Wednesday, April 1, 2009

Digital History at University of Nebraska-Lincoln

The University of Nebraska at Lincoln is angling to make a place for itself at the digital history table. Their website Digital History has some excellent resources. As UNL describes it:

Digital history is an emerging and rapidly changing academic field. The purpose of this site is to educate scholars and the public about the state of the discipline by providing access to:
  • Presentations about the field by noted scholars
  • Interviews with scholars about topics related to digital history
  • Information about many aspects of digital history, including reviews of major online projects and reviews of tools which may be of use to digital historians
  • A clearinghouse of current events and news items of interest
  • A selected bibliography of Digital History resources
  • And more!
Some of these sections have yet to be filled in. The review of tools for instance contains exactly two reviews, and none for Omeka or Zotero. But the essays are excellent, and I really love the video interviews with leading digital historians such as John Lutz, William Turkel, and Ed Ayers.

What jumps out at me here, more than the site itself, is who is built it. The University of Nebraska Lincoln graduate program in history has an excellent reputation as a training ground for scholars of the American West--but it was not much noted beyond that sub discipline. They seem to be using digital history non-traditional way of moving up the rankings. And good for them. When one thinks of the other emerging leaders in digital history one sees the same thing--George Mason University, which houses the incredible Center for History and New Media, was not on most people's radar screens before they started their digital programs.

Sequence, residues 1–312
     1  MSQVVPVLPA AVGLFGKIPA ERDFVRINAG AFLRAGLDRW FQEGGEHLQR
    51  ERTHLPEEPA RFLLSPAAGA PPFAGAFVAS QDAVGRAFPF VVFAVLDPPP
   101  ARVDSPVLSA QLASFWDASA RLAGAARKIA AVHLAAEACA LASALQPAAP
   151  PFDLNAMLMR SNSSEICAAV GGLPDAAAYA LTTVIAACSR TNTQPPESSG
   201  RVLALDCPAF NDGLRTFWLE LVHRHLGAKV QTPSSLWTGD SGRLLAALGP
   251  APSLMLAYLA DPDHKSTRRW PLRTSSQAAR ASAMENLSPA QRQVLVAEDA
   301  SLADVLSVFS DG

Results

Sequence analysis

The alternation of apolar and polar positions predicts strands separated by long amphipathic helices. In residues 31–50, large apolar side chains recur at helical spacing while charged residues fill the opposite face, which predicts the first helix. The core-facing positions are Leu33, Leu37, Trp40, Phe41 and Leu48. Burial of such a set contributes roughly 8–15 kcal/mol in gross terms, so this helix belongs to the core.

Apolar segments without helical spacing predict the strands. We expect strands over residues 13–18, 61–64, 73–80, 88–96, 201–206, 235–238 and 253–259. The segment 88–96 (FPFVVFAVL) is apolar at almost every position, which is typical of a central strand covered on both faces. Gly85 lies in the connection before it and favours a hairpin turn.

The leaders in the traditional ways of training historians, the big graduate programs of the Ivies and R-1s, are not going to be the leaders in the new wave. This is a similar model to what happened in my other field, public history, where it was second tier institutions who saw the need and opportunities most clearly and were able to create the leading programs.


Kelly in Kansas said...

They're doing some great work in Lincoln and usually present at the SSHA. It's great you're helping their work become more widely known. I'm thinking at least one professor there worked with Ed Ayers on the Valley of the Shadow project . . .

Larry Cebula said...

Your mention of Ed Ayers reminds me that it is not too early to begin writing the history of digital history. The Valley of the Shadow project was one of the very earliest big digital history projects, a wake-up call and a landmark for all the rest of us.